Entering 2012, the Angels’ rotation looked like it would be a winning weapon. At the top, Jered Weaver was coming off a Cy Young-caliber season, and Dan Haren and Ervin Santana were poised to repeat their solid campaigns. Jerry Dipoto has inked C.J. Wilson to a long-term deal to give the Angels a very strong four-man crew. Jerome Williams or Garrett Richards would be the fifth starter, and both seemed like they would be pretty decent in such a role.
Santana imploded, came on strong, imploded again, then came on strong to finish. His final body of work was well below average, and the Angels had little interest in bringing him back at a $13 million salary. Haren struggled to stay healthy, and he wasn’t able to command the strike zone like he had in 2011. The Angels opted to decline Haren’s $15.5 million option, making him a free agent after two-plus years wearing Halo red.
Weaver had another fantastic season. Wilson was great for a while, then regressed into the mid-rotation arm that he is. Williams and Richards put together underwhelming performances, but in June the Angels turned prospects Johnny Hellweg, Ariel Pena and Jean Segura into two months of Zack Greinke. Greinke’s arrival encouraged championship expectations; the rotation was supposed to be stable and healthy down the stretch. It wasn’t.
With the end of the season came a world of uncertainty. Weaver and Wilson are the only locks to return, and the Angels have 60 percent of a rotation to fill this winter. Who are some of their better options to restock the staff?
1. Zach Greinke. Greinke is the prize of this offseason. He’s been viewed as an ace ever since his incredible 2009 season with the Royals, in which he posted a 2.33 FIP across just under 230 innings. He’s clearly the best pitcher available on the free agent market, and the Angels have a good amount of money coming off the books, with Haren, Santana and Torii Hunter all off the payroll.
However, while the Angels will aggressively pursue Greinke, but there are several other viable options on the market. Over at Halos Daily, we’ve taken a few different looks at how some of the top arms might fit in SoCal, especially how it relates to Greinke’s value this winter.
2. Anibal Sanchez. Andrew Karcher examined Sanchez, finding that “[he] and his agent will probably bide their time before signing somewhere… letting Greinke set the market and create a bidding war for [Sanchez’s] services.” Sanchez might be a good option as a fallback option if Greinke is out of reach; he isn’t Greinke, but he’s a very consistent, viable piece that any rotation would love to have. If the Angels can’t nab Greinke, Sanchez is a clear fit.
3. Hiroki Kuroda. Kuroda could also be a good fit for the Halos. He isn’t young, so it looks like he’s content with a short-term deal without a huge commitment. Regardless of whether the Angels have paid Greinke funny money, Kuroda could be a fit and could make the rotation one of the best in baseball, much like it looked like he would when he originally signed with the Yankees prior to 2012.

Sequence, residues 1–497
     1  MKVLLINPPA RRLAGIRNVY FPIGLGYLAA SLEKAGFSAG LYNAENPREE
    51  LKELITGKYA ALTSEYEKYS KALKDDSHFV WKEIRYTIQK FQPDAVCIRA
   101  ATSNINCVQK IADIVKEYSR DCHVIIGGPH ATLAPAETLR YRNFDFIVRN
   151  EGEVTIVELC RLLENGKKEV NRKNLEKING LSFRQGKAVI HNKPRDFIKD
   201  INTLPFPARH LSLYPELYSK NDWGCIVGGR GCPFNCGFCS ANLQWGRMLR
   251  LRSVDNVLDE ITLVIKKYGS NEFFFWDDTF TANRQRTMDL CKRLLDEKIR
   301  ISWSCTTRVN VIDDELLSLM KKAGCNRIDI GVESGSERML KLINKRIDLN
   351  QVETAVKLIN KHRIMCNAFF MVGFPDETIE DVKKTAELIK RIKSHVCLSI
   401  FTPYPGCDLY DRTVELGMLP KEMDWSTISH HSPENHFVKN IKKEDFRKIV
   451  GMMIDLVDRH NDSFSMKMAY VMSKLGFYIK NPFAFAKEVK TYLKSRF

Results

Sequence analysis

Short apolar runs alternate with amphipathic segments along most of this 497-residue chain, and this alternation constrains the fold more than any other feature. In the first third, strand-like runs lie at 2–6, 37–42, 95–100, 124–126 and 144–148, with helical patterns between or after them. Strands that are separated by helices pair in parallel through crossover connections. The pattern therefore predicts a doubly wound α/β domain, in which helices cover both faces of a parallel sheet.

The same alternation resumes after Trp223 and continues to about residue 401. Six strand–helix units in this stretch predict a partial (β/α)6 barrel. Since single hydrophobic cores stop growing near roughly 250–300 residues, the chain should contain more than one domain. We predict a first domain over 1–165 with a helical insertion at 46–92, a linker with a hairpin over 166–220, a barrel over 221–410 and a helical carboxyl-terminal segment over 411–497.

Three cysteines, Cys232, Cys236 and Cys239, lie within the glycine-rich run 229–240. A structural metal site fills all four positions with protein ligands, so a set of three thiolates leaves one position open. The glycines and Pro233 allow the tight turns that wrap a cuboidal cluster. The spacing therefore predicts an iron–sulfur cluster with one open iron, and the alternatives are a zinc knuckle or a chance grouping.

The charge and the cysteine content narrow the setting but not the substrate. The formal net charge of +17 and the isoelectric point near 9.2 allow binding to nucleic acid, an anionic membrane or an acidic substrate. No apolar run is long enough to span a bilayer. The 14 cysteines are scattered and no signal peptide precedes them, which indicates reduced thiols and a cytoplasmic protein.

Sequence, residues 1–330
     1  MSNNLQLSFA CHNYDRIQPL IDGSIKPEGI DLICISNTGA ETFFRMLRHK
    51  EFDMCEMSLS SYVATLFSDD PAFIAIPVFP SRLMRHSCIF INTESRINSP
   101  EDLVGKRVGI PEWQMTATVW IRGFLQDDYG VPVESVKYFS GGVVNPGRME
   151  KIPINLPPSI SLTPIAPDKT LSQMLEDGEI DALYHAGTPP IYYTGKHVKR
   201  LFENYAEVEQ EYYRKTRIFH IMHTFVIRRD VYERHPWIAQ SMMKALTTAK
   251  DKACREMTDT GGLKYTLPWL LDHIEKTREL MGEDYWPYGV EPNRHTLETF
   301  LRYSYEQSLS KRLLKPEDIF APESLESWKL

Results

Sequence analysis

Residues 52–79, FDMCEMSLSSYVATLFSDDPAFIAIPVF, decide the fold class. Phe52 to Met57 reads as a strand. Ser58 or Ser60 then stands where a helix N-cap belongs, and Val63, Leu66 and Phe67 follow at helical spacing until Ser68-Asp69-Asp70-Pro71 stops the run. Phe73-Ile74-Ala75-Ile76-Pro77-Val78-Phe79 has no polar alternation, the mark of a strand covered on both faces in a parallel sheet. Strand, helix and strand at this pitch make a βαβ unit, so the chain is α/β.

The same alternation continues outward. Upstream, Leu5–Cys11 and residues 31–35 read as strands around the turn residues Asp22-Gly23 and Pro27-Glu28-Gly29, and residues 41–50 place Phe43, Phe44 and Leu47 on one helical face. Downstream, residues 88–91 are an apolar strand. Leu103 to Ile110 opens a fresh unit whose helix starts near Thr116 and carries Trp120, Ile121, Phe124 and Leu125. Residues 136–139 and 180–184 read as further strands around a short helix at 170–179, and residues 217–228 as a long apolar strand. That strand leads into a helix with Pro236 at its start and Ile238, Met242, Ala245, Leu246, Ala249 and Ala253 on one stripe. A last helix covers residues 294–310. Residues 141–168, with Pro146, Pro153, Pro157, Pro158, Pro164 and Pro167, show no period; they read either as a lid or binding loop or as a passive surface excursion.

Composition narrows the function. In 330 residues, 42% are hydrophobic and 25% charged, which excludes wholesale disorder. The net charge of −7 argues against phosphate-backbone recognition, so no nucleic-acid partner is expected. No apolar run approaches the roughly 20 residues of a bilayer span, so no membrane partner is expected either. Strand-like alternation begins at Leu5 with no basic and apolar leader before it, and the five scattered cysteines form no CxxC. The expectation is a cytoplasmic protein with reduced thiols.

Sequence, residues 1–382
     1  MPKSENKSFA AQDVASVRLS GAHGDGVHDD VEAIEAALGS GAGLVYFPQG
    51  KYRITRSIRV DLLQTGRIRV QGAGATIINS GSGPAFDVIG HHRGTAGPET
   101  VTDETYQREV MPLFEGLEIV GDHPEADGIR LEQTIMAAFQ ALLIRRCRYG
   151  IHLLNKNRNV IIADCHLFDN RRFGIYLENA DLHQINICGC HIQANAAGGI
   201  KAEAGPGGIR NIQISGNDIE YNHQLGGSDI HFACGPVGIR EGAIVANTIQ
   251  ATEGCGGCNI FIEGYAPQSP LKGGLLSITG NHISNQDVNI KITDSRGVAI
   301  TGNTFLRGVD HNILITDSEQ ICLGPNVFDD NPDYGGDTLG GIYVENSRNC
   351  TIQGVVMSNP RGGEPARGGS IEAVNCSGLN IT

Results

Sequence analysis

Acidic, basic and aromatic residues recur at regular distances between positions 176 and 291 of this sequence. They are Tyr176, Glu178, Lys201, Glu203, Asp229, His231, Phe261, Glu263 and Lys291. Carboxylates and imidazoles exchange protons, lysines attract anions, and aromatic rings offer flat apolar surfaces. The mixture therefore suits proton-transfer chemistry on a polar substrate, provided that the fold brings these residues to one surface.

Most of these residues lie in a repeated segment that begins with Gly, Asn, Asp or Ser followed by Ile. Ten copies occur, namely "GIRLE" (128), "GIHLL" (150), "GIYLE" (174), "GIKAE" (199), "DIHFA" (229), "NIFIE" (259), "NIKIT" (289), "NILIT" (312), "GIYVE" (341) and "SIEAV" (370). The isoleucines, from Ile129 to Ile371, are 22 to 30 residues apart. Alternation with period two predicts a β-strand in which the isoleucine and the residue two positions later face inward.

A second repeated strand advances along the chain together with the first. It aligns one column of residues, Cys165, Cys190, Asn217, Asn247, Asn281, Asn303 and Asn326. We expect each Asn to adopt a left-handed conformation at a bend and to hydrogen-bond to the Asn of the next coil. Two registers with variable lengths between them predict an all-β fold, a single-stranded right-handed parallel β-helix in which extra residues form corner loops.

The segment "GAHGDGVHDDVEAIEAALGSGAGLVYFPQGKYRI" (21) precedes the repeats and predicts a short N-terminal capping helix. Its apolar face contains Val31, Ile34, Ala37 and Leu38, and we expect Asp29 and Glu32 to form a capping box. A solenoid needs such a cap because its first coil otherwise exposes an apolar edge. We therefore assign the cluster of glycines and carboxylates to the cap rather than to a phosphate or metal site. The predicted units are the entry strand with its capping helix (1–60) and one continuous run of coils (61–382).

At Halos Daily, Jesse Crall points out that Kuroda is “someone whose xFIP is always around 3.50, someone who keeps his ground-ball rate around 50 percent, someone who strikes out just enough batters to succeed, and someone whose fastball has the same low 90’s velocity it did when he broke in with the Dodgers.” Kuroda is the same pitcher that's been above-average for several years now, and he might decide that he wants to go back to SoCal, but that he also looks better in red.
4. Brandon McCarthy. The next attractive option is McCarthy. Whispers that his personal connection is a bit too strong might be true, but money talks, and McCarthy might be willing to leave Oakland given the right situation and a mansion with the proper square footage. The A’s rotation is also pretty deep, so they may decide that getting into a bidding war for McCarthy isn’t worth their time and resources.
McCarthy hasn’t stayed healthy for a long stretch of time, and 2012 wasn't an amazing season for him. His strikeout rate took a dip and he walked a few more batters than he had in 2011. But his stuff was the same, and assuming a clean bill of health, there’s no reason to assume he can’t return to being the No. 2 starter he looked like in 2011. Halos Daily’s Nathan Aderhold thinks “McCarthy can [probably] be had for something around two years and $20 million, which would likely leave $12-$15 million or so on the table to sign another pitcher like Hiroki Kuroda or Shaun Marcum.”
5. Shaun Marcum. Another solid option, Marcum could stabilize the middle of the Angels’ rotation. He’ll probably be looking for some long-term security, and the Angels could roll the dice and give him a three-year deal.
Marcum has been consistent throughout his time in the majors, but elbow soreness sidelined him for over two months in 2012. He returned strong (at least in terms of peripherals), but he turns 31 in December, so his clock is ticking.
Marcum could wait out the offseason for the highest and last bidder, and he may end up settling for an expensive one-year deal that he can use to prove his worth for potential employers in a year. Given that Marcum had the highest strikeout rate of his career in 2012, the Angels would be well advised to jump on such a deal.
The Angels need to fill three spots. Greinke is the flashy name, and one Greinke might mean more than one Sanchez and one Marcum combined if you need him in Game 1 of the postseason, but the Angels are trying to get back to the playoffs first. Rotational depth is a need, and with the club having locked up so much talent long-term last season, they might be best to invest a lot of short-term money in guys who can fill spots for them and perform well, even if they aren’t elite.
Hudson Belinsky is a contributor to Halos Dailey, the SweetSpot network affiliate dedicated to the Los Angeles Angels of Anaheim.